The Zip drive is a medium-capacity removable disk storage system, introduced by Iomega in late 1994. Originally, Zip disks had a capacity of 100 MB, but later versions increased this to first 250 MB and then 750 MB.
The format became the most popular of the super-floppy type products but never reached the status of a quasi-standard to replace the 3.5-inch floppy disk. Later, rewritable CDs largely replaced Zip drives, and the internal and external CD writers known as Zip-650 or Zip-CD were sold under the Zip brand.
This resulted in a disk that has all of the 9 cm (3½") floppy's convenience, but holds much more data, with performance that is much quicker than a standard floppy drive (though not directly competitive with hard drives). The original Zip drive had a data transfer rate of about 1 megabyte/second and a seek time of 28 milliseconds on average, compared to a standard 1.44 MB floppy's 500 kbit/s (62.5 kB/s) transfer rate and several-hundred millisecond average seek time. Today's average 7200 RPM desktop hard drives have average seek times of around 8.5–9 ms.
Early generation Zip drives were in direct competition with the SuperDisk or LS-120 drives, which held 20% more data and could also read standard 3½" 1.44 MB diskettes, but they had a lower data transfer rate due to lower rotational speed. The rivalry was over before the dawn of the USB era.
Zip drives are available in multiple interfaces including
NB1: Parallel port external Zip drives are actually SCSI drives with an integrated Parallel-to-SCSI controller, meaning a true SCSI bus implementation but without the electrical buffering circuits necessary for connecting other external devices. Early Zip 100 drives used an AIC 7110 SCSI controller and later parallel drives (Zip Plus and Zip 250) used what was known as Iomega MatchMaker.
NB2: Early external SCSI-based Zip drives often came with an included SCSI adapter known as Zip Zoom. The Zip Zoom is a rebadged ISA Adaptec SCSI host controller. Also, orignally sold separately was a PCMCIA-to-SCSI adapter for laptop compatibility, also a rebadged Adaptec.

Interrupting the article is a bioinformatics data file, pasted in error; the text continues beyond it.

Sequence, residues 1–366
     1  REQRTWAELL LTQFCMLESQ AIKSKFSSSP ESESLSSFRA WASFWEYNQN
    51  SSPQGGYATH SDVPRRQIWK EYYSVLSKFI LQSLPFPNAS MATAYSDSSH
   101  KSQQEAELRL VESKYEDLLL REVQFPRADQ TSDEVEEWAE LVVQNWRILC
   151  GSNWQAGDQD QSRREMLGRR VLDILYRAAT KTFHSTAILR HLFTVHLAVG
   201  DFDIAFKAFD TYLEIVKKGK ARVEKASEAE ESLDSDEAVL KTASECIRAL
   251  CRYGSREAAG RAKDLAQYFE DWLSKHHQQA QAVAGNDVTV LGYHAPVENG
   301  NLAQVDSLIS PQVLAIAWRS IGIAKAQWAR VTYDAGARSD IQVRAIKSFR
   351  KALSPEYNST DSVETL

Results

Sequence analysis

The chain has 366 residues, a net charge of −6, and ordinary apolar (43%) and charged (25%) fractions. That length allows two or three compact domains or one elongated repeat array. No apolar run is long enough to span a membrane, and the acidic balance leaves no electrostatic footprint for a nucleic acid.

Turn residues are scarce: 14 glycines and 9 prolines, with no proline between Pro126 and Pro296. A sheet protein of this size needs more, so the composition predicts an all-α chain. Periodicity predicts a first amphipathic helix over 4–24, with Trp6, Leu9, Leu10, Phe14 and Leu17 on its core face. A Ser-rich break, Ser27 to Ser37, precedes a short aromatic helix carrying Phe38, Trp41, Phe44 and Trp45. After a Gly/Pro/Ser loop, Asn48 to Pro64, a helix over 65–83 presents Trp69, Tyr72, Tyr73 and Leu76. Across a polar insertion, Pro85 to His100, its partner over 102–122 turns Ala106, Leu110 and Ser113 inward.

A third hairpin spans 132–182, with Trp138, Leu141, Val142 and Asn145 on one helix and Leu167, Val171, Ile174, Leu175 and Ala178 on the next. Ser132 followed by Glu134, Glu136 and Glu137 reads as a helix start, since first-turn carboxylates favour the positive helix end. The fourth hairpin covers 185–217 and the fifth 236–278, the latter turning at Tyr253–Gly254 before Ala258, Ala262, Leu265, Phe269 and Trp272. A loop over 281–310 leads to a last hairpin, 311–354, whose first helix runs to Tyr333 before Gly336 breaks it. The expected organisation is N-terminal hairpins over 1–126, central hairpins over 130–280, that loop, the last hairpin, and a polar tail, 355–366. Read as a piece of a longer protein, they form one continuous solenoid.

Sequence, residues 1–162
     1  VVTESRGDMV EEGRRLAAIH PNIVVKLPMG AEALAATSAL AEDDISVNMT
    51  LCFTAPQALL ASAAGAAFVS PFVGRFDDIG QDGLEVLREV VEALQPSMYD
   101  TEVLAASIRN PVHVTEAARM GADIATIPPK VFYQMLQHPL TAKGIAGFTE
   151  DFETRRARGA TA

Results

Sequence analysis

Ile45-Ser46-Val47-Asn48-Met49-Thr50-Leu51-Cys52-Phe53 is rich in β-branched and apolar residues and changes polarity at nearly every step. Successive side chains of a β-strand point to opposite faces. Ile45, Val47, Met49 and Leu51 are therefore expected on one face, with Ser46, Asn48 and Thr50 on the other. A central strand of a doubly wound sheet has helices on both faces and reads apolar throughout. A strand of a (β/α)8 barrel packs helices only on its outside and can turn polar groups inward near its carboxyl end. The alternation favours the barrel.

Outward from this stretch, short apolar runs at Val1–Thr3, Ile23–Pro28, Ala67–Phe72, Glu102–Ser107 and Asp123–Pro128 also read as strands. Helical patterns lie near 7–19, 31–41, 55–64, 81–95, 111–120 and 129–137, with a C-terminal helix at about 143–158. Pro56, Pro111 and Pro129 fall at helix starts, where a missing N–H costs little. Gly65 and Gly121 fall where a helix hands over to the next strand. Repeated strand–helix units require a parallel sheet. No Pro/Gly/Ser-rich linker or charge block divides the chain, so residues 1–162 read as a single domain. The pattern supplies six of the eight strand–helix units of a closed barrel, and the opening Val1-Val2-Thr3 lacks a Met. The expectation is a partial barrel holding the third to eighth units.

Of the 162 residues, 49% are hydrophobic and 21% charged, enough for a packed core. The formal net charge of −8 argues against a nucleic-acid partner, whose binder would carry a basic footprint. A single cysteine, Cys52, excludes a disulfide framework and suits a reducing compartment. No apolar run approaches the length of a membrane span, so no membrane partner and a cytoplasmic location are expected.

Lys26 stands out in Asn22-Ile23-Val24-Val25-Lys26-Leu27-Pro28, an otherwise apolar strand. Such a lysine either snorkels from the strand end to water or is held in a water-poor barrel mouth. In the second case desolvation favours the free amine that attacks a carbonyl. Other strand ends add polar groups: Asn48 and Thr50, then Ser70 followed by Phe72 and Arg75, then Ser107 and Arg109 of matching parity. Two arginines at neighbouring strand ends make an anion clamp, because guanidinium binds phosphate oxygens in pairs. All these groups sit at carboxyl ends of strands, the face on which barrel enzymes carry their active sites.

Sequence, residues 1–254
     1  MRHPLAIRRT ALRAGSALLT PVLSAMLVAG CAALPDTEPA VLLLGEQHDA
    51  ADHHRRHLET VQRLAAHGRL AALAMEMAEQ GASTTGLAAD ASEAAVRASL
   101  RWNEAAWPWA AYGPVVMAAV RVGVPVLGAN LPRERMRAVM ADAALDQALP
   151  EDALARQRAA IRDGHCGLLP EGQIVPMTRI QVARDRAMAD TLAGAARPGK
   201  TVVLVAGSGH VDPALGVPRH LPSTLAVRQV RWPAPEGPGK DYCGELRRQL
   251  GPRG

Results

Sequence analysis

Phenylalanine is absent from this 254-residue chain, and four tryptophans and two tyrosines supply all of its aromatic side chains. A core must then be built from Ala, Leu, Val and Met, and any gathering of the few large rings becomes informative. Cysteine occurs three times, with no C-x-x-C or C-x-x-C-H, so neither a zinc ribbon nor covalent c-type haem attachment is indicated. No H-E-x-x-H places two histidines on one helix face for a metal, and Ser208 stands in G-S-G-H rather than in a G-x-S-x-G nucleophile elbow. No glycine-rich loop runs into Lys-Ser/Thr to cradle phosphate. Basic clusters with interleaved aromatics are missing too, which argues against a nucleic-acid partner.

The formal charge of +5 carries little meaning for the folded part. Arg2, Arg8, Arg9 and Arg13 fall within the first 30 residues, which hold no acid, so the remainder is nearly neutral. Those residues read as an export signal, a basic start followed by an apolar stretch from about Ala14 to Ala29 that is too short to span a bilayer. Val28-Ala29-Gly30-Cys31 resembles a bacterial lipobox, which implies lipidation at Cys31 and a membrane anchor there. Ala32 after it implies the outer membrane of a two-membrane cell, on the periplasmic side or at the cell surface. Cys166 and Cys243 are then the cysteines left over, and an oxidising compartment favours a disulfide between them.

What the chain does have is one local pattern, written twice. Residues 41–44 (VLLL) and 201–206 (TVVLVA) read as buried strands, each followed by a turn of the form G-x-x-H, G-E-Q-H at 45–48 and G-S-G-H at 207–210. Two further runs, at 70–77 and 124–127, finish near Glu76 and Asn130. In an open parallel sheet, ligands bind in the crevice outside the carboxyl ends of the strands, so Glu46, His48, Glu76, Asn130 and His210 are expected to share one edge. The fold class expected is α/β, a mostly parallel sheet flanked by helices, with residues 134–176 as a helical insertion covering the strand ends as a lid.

| Also known as IEEE 1284, Parallel Port|
Also known as IEEE 1394 interface
The retroreflective spot differs on the three media sizes such that if a larger disk is inserted in a smaller capacity drive, the disk is immediately ejected again without any attempt being made to access the disk.
Sales of Zip drives and disks declined steadily from 1999 to 2003. In September 1998, a class action suit was brought against Iomega over a type of Zip disk failure dubbed the click of death. Zip disks also had a relatively high cost per megabyte compared to the falling costs of CD-R and DVD±RW.
The growth of hard drives to multi-gigabyte capacity made backing up with Zip disks less economical. Furthermore, the advent of inexpensive recordable CD and DVD drives for computers, as well as USB flash drives, pushed the Zip drive out of the mainstream market. However, the advantages of magnetic media over optical media and flash memory, in terms of long-term file storage stability and high erase/rewrite cycles, still affords them a niche in the data storage arena. In such applications, Zip competes primarily with USB external hard drives and the Hi-MD version of Sony's MiniDisc, which stores up to 1GB on a disk that is smaller and less expensive than a 100 MB Zip disk.
In 2006, PC World rated the Zip drive as the 15th worst technology product of all time. However, in 2007, PC World rated the Zip drive as the 23rd best technology product of all time.
The company also released their own CD-R and CD-RW media under the same ZipCD name. However, the ZipCD drives would burn to any blank CD-R or CD-RW media.
Each Zip Drive sold included a sheet of yellow stickers used to label Zip disks with their contents. Some of the stickers were labeled with phrases such as "i am Confidential Stuff" or "i am offsite Backup"; however, each sheet also included one sticker with the phrase "i am the walrus" (a reference to the Beatles song I Am The Walrus). Each sticker started with the words "i am" in lower case with the "i" being shown as the Iomega logo. Other labels included the "i am not worthy" and the "i am full of great ideas" stickers.